1. Cheap and Easy to pick up were the most important influencers when choosing clothes online.

  2. People like to search the clothes and consider is this one match their cloth in the closet?

  3. People need to communicate first before exchange clothes.

 

Based on these insights, I designed the use case for prototyping. 

Prototyping

My process involved sketching and white‐boarding concepts and flows with my friends and then translating these directly into hi‐fidelity design comps. Since I was working by myself in this project, it was relatively quick to move straight into hi‐fidelity designs.

My next step involved slicing the comps and piecing them together with Sketch into a prototype. In the early stages I focussed only on representing the highest risk areas of the design.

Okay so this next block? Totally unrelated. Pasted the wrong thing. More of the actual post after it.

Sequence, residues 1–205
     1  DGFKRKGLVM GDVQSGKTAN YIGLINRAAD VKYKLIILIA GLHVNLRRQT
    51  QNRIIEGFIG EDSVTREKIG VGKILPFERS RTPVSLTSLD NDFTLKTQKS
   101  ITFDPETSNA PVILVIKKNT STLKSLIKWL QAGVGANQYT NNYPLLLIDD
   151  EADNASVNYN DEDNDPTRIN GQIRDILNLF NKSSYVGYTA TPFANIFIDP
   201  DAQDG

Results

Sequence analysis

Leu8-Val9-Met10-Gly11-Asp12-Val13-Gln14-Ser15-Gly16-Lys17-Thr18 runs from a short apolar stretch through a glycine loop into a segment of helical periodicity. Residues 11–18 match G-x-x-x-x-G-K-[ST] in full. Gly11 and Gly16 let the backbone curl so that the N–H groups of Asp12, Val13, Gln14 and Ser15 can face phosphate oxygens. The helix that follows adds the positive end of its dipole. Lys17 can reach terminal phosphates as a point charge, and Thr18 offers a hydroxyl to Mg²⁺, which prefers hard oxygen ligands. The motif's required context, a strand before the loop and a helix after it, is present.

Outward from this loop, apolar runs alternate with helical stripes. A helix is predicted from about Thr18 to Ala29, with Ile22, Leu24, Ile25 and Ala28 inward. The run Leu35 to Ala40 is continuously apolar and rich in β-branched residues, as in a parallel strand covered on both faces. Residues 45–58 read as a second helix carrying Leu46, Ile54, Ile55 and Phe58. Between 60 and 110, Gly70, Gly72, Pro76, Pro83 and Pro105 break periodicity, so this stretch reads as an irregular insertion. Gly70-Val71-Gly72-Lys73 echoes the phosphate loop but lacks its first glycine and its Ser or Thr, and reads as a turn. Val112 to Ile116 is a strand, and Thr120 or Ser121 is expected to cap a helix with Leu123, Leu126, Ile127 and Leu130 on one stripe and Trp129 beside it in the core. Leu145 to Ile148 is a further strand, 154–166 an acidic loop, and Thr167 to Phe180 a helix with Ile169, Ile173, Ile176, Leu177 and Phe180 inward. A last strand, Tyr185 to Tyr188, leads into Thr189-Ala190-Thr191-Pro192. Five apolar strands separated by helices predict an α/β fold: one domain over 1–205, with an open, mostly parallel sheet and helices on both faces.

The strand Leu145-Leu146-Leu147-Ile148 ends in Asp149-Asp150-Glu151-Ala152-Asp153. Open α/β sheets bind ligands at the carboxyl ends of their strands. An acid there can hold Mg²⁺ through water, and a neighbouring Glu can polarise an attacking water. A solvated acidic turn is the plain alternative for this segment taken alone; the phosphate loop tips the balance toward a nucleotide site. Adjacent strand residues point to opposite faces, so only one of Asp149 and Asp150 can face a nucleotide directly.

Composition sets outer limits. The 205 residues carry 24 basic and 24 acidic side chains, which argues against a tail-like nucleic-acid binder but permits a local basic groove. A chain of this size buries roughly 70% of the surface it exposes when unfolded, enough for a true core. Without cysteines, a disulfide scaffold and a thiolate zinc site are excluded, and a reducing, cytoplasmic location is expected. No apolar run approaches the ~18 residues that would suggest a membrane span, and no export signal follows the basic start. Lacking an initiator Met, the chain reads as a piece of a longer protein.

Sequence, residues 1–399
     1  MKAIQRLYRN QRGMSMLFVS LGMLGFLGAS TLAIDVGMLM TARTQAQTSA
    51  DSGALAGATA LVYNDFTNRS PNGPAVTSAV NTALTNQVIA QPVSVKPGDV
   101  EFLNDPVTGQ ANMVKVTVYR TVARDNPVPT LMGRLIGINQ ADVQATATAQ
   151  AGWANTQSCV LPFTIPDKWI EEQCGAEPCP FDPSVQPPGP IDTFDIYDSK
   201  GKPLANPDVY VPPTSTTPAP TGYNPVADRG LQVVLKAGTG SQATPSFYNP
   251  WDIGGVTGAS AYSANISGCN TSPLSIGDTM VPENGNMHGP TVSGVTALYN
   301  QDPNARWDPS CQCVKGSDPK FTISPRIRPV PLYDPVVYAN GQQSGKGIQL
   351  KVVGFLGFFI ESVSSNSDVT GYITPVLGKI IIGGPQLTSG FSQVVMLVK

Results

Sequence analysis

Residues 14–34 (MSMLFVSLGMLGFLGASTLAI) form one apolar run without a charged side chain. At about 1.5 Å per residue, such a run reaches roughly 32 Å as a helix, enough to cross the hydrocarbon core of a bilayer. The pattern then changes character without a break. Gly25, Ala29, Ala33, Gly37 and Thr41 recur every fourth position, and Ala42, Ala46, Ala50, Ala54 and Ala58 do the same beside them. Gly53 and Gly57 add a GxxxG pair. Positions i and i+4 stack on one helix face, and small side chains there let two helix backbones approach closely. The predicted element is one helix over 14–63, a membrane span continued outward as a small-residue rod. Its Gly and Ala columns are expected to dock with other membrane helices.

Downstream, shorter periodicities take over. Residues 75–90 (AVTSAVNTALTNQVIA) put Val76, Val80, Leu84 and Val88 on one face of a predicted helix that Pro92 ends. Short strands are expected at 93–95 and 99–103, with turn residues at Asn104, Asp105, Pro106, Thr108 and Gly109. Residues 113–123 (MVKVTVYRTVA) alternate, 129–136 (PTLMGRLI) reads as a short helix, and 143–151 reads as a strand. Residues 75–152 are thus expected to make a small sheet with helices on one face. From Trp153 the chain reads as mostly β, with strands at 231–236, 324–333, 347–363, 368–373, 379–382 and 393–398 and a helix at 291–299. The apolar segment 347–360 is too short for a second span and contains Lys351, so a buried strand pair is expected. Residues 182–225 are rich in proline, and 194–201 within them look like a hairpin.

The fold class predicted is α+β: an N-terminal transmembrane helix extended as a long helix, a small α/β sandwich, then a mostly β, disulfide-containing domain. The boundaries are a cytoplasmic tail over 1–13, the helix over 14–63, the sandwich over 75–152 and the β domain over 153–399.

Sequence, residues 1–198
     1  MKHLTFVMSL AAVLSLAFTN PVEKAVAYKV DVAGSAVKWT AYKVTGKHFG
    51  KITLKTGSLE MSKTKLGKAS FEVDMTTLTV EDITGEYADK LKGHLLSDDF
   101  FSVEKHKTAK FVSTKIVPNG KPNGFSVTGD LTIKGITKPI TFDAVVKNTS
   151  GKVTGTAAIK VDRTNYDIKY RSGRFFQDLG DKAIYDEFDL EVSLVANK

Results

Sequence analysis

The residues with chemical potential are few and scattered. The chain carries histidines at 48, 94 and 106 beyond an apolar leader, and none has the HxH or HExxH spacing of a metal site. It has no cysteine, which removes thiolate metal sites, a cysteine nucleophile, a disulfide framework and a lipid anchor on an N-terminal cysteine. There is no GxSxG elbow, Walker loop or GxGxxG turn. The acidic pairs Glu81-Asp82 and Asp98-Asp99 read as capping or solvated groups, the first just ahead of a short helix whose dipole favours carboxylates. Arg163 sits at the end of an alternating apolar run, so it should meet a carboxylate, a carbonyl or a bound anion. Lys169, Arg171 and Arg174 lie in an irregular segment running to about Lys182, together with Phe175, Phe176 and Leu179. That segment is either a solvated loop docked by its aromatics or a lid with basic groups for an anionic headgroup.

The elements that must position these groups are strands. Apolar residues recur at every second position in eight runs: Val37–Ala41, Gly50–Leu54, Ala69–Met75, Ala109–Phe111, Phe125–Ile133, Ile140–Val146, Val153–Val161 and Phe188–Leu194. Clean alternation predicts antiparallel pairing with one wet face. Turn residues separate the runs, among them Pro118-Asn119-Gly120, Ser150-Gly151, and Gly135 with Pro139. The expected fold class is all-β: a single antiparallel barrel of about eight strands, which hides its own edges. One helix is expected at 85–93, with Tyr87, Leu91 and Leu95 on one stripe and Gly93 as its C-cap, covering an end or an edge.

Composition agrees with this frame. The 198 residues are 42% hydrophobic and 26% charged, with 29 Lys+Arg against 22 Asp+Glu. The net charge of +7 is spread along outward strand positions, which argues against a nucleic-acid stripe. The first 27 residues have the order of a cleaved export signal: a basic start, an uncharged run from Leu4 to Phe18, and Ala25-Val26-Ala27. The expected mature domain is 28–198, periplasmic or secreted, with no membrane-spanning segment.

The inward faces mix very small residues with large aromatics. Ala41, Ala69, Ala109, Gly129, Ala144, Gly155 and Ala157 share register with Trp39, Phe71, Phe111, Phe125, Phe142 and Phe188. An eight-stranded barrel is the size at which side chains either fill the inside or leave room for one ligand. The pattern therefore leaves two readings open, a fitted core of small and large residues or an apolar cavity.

Design Sell/Exchange Feature

Embedding Sell/Exchange feature in a fashion App presented a novel design challenge, because user may not expect to sell their clothes online. I asked myself two questions:

  1. How was it possible to effectively satisfy both user who only want to browse fashion trend and purchasing clothes customers, when they have very different motivations and goals?

  2. How would I optimize the selling process?

The style

 

With 80% of our human experience filtered through our eyes, visual cues are vital to successfully getting a message across. It’s crucial when making color decisions for the app to consider how the shade will broadcast the image. 

I chose the color blue as the theme color because I want to make the user feel trust and organized. This is a color that seeks peace and tranquility above everything else, promoting both physical and mental relaxation.